The relationship between social support and well-being of parents of children with special needs

Nikki Joan Katsiotas, Fordham University

Abstract

Research suggests that parents of children with special needs require more social support to cope with caregiving demands. However, little is known about how to increase support. The purpose of the study was to conduct an exploratory investigation to determine how to best conceptualize social support for parents of children with special needs and to identify which dimensions of support may be most relevant for interventions. An exploratory factor analysis was conducted to investigate the factor structure of perceived social support. The results indicated that tangible support, information support, emotional support, and negative social contact each represented distinct dimensions of social support. Regression analyses were then conducted to determine which dimensions were most relevant to well-being. The results indicated that negative social contact and emotional support had significant direct effects on the well-being variables and emotional support had a significant moderating effect on the relationship between stress and negative affect. Overall, the results suggest that social support for parents of children with special needs is best conceptualized as a multidimensional construct and that negative social contact and emotional support are strongly related to parents’ well-being. The results have implications for future interventions and research. ^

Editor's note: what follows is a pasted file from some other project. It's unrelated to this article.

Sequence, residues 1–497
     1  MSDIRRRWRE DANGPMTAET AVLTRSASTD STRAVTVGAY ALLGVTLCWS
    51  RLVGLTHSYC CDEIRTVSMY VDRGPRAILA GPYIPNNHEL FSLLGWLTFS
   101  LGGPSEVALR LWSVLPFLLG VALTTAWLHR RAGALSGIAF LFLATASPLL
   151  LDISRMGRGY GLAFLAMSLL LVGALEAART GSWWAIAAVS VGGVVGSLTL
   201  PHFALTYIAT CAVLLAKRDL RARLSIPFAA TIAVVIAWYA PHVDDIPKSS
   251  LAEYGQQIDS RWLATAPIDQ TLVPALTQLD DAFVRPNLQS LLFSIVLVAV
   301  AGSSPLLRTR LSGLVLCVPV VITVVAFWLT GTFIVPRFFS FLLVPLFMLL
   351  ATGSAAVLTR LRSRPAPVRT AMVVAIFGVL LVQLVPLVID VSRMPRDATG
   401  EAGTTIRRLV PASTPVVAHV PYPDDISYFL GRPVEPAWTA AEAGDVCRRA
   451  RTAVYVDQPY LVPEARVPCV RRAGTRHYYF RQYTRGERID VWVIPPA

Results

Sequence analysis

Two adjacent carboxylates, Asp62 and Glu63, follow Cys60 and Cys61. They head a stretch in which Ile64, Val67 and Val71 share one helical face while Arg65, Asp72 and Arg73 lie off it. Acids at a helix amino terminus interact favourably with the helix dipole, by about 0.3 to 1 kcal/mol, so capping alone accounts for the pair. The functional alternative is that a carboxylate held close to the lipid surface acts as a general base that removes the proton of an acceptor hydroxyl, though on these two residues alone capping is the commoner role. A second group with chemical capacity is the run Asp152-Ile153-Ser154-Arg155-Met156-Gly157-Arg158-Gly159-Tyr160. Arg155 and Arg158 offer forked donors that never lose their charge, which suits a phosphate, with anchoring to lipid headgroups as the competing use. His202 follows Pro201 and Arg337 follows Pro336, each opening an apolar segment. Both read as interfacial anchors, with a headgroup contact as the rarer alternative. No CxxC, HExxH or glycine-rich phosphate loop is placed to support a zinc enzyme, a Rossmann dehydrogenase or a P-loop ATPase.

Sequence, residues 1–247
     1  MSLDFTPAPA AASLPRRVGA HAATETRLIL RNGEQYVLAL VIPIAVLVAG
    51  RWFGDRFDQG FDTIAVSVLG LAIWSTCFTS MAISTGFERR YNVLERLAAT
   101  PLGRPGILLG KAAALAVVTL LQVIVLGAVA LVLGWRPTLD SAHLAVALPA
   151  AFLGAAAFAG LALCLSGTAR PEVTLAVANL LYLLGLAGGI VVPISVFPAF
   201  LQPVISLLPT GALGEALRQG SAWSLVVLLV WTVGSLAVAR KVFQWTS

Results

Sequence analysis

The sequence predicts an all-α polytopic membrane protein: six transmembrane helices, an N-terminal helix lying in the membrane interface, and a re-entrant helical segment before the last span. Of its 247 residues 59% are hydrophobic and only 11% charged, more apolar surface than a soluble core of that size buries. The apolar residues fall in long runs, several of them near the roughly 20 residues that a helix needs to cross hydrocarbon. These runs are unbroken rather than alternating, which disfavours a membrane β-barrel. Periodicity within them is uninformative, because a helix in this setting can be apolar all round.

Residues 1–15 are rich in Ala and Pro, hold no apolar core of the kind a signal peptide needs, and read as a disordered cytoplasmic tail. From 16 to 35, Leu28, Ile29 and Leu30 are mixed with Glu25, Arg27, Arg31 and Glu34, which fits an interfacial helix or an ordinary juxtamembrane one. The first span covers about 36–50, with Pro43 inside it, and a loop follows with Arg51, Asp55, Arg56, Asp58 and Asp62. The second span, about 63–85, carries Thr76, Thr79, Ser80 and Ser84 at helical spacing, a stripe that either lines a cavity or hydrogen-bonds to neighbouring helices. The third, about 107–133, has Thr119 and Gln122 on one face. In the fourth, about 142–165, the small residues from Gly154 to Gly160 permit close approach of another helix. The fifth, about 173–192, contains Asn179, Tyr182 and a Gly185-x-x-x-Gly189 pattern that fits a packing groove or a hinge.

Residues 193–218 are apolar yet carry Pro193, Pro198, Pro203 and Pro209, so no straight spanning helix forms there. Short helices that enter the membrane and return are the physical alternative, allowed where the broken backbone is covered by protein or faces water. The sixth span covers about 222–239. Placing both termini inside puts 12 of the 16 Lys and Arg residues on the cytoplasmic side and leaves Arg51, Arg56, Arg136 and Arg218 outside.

Subject Area

Educational psychology|Special education|Psychology

Recommended Citation

Katsiotas, Nikki Joan, "The relationship between social support and well-being of parents of children with special needs" (2016). ETD Collection for Fordham University. AAI10146974.
https://fordham.bepress.com/dissertations/AAI10146974

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